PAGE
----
When used as a preposition "like" is always followed by a noun or pronoun. It means similar to or the same as:
I look like my mother.
They have so many animals. Their house looks like a zoo.
What star sign are you? I'm Gemini, like you.
You're stupid. Why do you say things like that?
I work like a slave = very hard. (I'm not a slave)
- We use "as" in comparatives and with the same as:
You are as tall as me.
She works in the same office as me.
Barbara’s suggestion was almost exactly the same as mine.
- "As" is used to indicate people's professions or the role or function of sb or sth:
He works as a waiter.
He works as a slave = he's a slave.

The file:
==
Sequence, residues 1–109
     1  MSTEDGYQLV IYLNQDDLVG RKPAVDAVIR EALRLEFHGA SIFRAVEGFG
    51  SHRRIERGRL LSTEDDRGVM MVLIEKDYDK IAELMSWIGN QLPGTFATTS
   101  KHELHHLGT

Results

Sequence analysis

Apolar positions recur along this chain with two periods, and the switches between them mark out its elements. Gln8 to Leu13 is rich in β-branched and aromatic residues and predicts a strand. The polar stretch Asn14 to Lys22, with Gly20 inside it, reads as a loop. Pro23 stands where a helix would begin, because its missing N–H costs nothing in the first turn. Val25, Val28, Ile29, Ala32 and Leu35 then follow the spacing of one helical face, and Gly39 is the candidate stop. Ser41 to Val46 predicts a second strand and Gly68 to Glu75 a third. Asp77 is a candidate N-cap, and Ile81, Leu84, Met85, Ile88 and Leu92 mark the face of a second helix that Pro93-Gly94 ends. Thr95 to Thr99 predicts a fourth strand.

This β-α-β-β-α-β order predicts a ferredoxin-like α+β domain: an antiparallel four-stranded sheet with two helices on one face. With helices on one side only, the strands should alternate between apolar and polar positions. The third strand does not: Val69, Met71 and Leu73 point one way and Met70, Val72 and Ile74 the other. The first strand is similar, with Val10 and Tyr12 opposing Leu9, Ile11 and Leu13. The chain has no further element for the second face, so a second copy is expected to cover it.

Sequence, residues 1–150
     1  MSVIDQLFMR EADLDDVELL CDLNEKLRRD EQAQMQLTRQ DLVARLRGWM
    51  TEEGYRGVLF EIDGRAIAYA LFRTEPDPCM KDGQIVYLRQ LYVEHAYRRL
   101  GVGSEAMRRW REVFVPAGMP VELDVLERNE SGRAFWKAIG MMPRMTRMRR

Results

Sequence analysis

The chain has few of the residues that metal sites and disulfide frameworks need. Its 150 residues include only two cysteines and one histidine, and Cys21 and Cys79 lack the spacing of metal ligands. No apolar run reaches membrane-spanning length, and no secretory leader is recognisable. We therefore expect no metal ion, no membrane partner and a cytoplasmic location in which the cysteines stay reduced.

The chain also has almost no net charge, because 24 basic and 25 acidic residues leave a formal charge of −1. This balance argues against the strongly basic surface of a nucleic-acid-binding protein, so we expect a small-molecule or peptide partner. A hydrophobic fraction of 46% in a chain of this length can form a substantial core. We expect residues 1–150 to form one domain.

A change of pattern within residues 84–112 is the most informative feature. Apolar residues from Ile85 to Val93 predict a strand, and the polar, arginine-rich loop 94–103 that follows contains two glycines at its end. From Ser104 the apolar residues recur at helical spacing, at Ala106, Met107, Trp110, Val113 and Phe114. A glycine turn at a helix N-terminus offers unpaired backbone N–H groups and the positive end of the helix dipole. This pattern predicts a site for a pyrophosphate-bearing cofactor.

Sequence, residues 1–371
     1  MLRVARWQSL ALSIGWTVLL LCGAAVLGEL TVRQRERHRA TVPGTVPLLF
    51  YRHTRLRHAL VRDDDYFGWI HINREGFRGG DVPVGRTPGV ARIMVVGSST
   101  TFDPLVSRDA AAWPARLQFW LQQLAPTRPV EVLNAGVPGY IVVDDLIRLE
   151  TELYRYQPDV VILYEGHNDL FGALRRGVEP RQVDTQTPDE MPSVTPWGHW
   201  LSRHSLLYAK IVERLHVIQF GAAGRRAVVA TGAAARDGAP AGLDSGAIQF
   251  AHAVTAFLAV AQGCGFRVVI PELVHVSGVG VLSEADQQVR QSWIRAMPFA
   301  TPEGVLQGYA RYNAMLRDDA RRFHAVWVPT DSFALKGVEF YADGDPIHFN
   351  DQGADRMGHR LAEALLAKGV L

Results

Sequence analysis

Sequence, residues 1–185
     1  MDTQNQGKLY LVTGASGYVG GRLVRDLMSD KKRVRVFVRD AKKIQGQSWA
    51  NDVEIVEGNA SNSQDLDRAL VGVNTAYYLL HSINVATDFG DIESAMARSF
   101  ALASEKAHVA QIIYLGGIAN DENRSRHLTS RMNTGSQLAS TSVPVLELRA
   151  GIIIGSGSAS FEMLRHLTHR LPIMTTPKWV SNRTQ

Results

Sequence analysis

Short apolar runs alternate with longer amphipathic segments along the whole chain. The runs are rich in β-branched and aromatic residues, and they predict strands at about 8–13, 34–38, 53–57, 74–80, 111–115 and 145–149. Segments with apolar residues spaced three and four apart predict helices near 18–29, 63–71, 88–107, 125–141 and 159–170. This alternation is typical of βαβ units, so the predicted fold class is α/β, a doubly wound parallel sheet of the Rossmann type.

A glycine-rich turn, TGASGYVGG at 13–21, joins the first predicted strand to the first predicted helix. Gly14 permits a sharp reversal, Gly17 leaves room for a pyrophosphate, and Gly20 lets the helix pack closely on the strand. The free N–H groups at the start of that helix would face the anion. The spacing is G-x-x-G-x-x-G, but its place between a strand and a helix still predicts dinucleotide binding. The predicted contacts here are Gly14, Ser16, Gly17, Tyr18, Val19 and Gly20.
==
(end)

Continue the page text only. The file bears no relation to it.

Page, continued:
An electric drill can also be used as a screwdriver.
- When "as" is used as a conjunction, it is followed by a subject and a verb:
Do as I say and sit down.
Don't eat and speak at the same time, as my mother used to say.
As you know, we're leaving tomorrow.
- As is used after certain verbs, for example, define, know, refer, describe...
Officers described Jorge as a "greyhound".
- "As" is used in the expressions as usual and as normal:
Jorge continued his life as normal.
EXERCISE WITH VERBS FOLLOWED BY AS
You can read the theory here and here
You can do exercises here and here